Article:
• Jan 19th 2008 at 4:02PM
  • 2
At the end of World War II, GM "put a dealership in every little hamlet" to keep up with the postwar boom. Sixty years later, in 2005, long after that boom had ended and every domestic maker was losing market share, GM had 15,094 dealerships. By 2007 GM had reduced that to 14,118 dealers. But if GM plans to compete financially with its overseas competition, it will need to shrink that number a great deal further.
Chevrolet has 4,000 dealerships. Toyota, to sell the same amount of cars, has just 1,244 dealers. Put another way, the typical Toyota dealer moves 1,766 cars per year. The typical Chevrolet dealer moves 554. And the other domestics fare about the same: the usual Ford dealership rolls 556 vehicles off the lot every year, while a Dodge dealer does 374 per year.

GM is looking at consolidating Pontiac, Buick, and GMC shops into one. However, state franchise laws don't make closing dealerships easy, and it's hard to tell a profitable dealer that he needs to close for the good of the parent company. Dale Willey, head of the National Automobile Dealers Association, said "Dealers make the decision to get into the business, and the manufacturers accepted the dealers getting into the business. It ought to be the dealers' decision to get out of the business." While GM CEO Rick Wagoner realizes that the "payoff is significant" for reducing the number of outlets, he must know that the price will be significant as well.

[Source: Detroit News]

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    • 1 Second Ago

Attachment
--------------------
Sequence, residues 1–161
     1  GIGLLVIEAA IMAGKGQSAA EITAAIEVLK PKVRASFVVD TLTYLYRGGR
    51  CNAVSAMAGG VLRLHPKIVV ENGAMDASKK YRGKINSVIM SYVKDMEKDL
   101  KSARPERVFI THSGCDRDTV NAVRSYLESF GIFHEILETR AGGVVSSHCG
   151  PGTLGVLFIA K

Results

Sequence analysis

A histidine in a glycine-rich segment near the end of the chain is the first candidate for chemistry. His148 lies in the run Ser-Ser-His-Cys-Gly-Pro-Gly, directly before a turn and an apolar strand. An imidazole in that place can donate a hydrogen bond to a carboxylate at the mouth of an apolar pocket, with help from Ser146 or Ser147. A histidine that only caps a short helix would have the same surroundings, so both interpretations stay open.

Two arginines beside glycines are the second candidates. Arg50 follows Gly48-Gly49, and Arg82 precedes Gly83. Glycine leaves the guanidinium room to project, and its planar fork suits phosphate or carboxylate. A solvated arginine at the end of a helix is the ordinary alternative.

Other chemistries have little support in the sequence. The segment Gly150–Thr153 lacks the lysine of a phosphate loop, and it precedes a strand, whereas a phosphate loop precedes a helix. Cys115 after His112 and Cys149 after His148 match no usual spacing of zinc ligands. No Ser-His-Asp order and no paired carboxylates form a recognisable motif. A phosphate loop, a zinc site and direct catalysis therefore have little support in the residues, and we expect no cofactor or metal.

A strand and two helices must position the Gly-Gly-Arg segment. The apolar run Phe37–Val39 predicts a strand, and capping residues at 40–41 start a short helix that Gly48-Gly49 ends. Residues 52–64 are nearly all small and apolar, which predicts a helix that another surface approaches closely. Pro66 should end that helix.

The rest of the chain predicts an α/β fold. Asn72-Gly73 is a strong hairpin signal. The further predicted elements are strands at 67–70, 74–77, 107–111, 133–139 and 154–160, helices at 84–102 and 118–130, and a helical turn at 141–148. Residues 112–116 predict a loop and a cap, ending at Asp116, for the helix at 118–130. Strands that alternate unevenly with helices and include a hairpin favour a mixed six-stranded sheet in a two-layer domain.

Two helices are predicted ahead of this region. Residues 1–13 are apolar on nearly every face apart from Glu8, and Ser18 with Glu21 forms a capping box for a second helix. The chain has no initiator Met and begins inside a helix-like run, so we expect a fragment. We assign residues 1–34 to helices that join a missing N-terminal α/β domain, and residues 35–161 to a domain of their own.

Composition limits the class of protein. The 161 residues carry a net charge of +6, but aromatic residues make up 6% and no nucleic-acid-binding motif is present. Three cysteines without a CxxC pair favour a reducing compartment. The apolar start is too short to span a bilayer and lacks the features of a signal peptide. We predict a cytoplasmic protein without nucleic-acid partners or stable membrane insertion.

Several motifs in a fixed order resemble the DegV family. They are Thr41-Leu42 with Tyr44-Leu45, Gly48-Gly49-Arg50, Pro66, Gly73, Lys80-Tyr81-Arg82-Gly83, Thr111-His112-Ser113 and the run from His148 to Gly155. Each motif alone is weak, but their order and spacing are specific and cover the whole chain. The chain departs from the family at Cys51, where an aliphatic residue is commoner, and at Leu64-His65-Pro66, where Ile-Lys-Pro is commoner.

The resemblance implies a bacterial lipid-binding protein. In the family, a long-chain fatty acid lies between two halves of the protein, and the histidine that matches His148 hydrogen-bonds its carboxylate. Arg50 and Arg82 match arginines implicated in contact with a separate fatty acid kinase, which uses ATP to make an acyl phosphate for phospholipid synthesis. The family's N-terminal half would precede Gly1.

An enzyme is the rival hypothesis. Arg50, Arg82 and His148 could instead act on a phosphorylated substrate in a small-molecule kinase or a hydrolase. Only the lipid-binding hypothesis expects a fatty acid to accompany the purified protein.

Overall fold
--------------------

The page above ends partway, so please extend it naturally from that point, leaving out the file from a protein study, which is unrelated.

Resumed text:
• 7 Years Ago
      If automakers can offer billions to buy-out workers, then why not dealers ? Only difference is that workers are an expense while excess dealerships is a cost.

      Changing to 2 tier dealer levels is sensible - one has new cars & the other doesn't - just takes some old-fashioned palm grease.
      • 7 Years Ago
      It really shouldn't be THAT hard in some instances.
      Some 'hamlets' that really don't need dealerships. I know of a few examples in South Alabama:

      Chatom, AL: Has both a Chevy dealer and a Ford dealer with a surrounding population of about maybe 3-4,000 people. It's in a county directly above Mobile.

      Atmore, AL: Has Chevy & Ford, but so does Brewton (in the same county, 28 miles east) and Bay Minette (20 miles southwest). And all three towns are connected by the same U.S. Highway!

      Part of me wonders if they could sweet talk the smallest and least profitable dealers into just being 'GM Certified' used car outlets with service departments. That what the vast majority of them are anyway, as these small dealers usually can't/don't house many new vehicles in the first place. The real choice and selection are found with the bigger Mobile-area dealers, who IIRC can charge them tax at their home county level (if Mobile taxes are higher).